The Peoples' Democratic Party (HDP) shifts its strategy, as the 2015 general election in Turkey approaches. HDP Co-Chair Selahattin Demirtaş recently met with numerous religious leaders from the Islamic-wing in Turkey, a move that the HDP hopes will enable it to pass the 10 percent threshold in the upcoming general election. The recent elections, especially the March 30 local elections, displayed notable support for the ruling Justice and Development Party (AK Party) government.
The AK Party received the majority of votes from that religious Kurdish population in southeastern Turkey during the March 30 elections. In addition, while the Kurdish population in Turkey is nearly 20 percent, the HDP only received about 6.5 percent of Kurdish votes in the recent elections. The consistent trend in Kurdish votes in southeastern Turkey led the HDP to seek votes from Kurdish Islamic groups and change its strategy for the 2015 general election. However, the HDP's stance in politics and its cooperation with certain groups since its establishment has been criticized by its own deputies like Altan Tan. Tan, a deputy from Diyarbakır, harshly criticized the HDP in early May of 2014 for not taking into consideration the base of religious voters and said, "The HDP has failed to include Muslim democrats, liberals and a significant segment of the Kurdish people and limited itself to radical Turkish leftists."
The ideology of the HDP mainly stems from its leftist-socialist wing, which mostly promotes Marxism-Leninism. The pro-PKK Kurdish party received much criticism not only from the Turkish population but also from the Kurdish population following its call on their supporters to take to the streets in support of Kobani, which was besieged by ISIS militants. The violence left 34 people dead across Turkey – 12 of them in Diyarbakır. Most of the casualties were sustained in clashes between supporters of the PKK and supporters of the Free Cause Party (HÜDA PAR) that the PKK accuses of having ties with ISIS.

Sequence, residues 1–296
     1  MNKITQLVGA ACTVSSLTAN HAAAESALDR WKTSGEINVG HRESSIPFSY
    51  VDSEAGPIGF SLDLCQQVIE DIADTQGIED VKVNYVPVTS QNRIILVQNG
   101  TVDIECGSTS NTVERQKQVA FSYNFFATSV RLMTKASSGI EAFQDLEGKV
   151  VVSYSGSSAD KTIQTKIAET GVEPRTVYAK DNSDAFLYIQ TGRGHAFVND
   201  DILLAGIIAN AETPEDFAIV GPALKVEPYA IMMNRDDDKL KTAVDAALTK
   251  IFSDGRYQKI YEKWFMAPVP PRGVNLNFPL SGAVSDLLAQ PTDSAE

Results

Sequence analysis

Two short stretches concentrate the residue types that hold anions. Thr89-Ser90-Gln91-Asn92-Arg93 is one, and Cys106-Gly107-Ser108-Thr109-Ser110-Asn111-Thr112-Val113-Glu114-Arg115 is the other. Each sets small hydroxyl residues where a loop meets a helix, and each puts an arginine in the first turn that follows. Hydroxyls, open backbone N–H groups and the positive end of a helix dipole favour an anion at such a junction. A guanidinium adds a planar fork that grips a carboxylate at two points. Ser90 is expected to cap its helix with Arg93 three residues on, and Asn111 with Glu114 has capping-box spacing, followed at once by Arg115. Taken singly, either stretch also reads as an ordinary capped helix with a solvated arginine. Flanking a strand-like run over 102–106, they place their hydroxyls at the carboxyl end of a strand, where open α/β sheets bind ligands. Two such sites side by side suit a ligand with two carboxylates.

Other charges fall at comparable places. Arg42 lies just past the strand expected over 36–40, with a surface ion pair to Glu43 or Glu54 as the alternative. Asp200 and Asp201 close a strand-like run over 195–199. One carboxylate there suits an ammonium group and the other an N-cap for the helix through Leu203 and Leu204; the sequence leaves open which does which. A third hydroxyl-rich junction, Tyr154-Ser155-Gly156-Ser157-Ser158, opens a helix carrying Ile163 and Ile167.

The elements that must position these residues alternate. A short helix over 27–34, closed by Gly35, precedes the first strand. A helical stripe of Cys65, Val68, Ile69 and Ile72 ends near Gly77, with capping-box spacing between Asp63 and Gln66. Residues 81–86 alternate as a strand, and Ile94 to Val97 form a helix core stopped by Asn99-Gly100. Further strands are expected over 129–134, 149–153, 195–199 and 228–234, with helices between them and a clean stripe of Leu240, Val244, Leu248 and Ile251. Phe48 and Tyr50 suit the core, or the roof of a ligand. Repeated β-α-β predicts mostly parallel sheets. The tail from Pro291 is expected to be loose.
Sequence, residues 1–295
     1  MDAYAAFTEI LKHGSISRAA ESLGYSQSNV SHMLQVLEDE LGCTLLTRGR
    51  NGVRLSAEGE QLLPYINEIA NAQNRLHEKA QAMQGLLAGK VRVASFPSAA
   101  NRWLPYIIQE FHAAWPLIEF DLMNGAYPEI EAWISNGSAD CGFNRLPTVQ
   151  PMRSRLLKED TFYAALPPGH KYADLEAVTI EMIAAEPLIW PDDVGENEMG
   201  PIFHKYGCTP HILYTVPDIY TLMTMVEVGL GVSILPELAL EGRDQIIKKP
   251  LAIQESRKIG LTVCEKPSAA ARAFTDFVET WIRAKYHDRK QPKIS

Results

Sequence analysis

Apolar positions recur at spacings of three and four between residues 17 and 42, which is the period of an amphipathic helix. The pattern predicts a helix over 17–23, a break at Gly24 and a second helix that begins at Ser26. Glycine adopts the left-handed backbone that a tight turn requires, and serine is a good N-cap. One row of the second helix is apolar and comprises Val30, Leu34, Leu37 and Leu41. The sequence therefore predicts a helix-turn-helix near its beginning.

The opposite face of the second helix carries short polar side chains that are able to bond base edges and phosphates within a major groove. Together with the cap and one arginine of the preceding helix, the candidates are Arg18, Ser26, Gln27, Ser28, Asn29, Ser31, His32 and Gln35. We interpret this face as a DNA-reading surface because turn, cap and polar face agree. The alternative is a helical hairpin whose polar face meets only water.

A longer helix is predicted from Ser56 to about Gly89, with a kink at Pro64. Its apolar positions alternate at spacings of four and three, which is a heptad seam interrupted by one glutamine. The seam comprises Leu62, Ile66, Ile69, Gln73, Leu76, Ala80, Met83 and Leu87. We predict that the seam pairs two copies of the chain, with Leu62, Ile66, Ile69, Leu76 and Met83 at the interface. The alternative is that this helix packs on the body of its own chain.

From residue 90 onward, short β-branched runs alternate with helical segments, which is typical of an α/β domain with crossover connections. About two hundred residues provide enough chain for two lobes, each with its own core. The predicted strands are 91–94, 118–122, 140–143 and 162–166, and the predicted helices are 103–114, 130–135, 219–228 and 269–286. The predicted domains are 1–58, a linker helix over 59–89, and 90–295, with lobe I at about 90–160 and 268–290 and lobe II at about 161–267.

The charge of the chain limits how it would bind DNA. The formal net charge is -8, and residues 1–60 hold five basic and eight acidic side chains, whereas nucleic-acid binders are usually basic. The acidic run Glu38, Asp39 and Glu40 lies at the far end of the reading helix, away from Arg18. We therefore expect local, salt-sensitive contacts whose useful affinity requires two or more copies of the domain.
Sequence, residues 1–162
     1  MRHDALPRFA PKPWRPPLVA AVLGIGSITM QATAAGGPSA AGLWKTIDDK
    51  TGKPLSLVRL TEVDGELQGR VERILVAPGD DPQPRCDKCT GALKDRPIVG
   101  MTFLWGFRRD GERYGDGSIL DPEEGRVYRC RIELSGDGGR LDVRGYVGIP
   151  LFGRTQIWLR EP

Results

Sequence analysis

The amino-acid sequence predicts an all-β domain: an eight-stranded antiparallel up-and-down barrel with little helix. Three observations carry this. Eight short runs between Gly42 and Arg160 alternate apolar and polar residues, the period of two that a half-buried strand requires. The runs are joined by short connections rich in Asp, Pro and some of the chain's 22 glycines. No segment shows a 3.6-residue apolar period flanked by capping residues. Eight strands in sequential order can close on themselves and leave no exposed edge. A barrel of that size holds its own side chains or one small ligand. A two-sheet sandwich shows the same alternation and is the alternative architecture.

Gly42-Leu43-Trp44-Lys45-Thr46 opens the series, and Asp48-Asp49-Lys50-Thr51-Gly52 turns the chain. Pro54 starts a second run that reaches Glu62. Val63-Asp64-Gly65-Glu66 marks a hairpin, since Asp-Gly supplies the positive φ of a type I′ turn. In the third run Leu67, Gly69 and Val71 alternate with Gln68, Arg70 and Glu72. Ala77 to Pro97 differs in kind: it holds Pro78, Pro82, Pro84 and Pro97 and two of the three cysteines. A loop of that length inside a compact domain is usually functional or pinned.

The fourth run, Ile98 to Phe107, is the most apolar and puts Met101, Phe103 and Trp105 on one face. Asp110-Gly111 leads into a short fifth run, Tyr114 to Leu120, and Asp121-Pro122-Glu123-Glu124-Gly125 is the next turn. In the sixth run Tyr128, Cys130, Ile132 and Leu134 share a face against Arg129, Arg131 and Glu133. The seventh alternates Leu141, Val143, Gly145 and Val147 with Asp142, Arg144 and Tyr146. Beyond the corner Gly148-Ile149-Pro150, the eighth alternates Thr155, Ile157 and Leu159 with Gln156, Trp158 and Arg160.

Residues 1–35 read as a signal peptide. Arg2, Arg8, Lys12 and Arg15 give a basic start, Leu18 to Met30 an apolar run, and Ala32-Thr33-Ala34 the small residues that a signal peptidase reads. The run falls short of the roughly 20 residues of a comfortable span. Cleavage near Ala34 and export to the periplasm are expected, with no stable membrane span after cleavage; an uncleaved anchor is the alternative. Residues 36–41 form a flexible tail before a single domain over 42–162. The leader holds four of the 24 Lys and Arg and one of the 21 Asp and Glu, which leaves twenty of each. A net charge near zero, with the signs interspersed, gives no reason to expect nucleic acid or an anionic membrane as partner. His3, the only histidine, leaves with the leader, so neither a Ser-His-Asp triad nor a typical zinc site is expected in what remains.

HÜDA PAR is a Kurdish-based conservative political party, which was founded in December 2012 in southeastern Turkey. Additionally, Orhan Miroğlu, a prominent Kurdish columnist and ex-politician, spoke to Daily Sabah and stated, "The HDP must expand ideologically, and if it does not shift its stance from being a secular, 'Kurdish-Kemalist' ideology, it will not be able to succeed in the upcoming elections once again." Miroğlu added: "To gain the favor of Islamist Kurds and to express its sincerity, the HDP must first condemn the Assad regime and apologize to supporters of HÜDA PAR. The HDP must take the crises in the Middle East into consideration and modify its secular stance to obtain sustainable and active progress towards the 2015 elections."
Furthermore, similar to the main opposition Republican People's Party (CHP), the HDP has looked toward marginal groups to gain votes. During the presidential election in 2014, Demirtaş sought support from Alevi groups and disregarded conservative Kurds in the southeast. However, as part of its new strategy for the upcoming elections, the HDP had previously organized the Democratic Islam Conference, with the participation of around 300 Islamic scholars, academics, authors and experts in mainly Kurdish populated Diyarbakır. The conferences were criticized by many for being controversial and described as unsuccessful.
HDP members met with a controversial name from the Gezi riots in the framework of this new strategy, the leader of the anti-capitalist Muslims, İhsan Eliaçik. Eliaçık is the leader of marginal groups that fueled the Gezi Park riots and made controversial "religious" statements. In regard to the HDP coordinating with marginal groups, Vahdettin İnce, a notable Kurdish columnist and author, stated: "The HDP cooperated with various marginal groups in Turkey during the last few elections and declared them as leaders in Parliament, like Ertuğrul Kürkçü [with a Marxist-Leninist background]. İhsan Eliaçık is also one of those controversial names; thus, it is evident that the HDP is once again aiming toward the wrong groups."
İnce added: "If the HDP wants to expand and address everyone in Turkey and gain votes from the AK Party, the CHP and MHP, then it must reach out to Turkey's traditional institutions and to those opinion leaders. Such an approach will support and encourage peace and unity among all citizens. However, this seems highly unlikely with the HDP's current approach."
As the reconciliation process continues with full commitment, negotiations between the government and the HDP to end the decades-long PKK conflict also continues.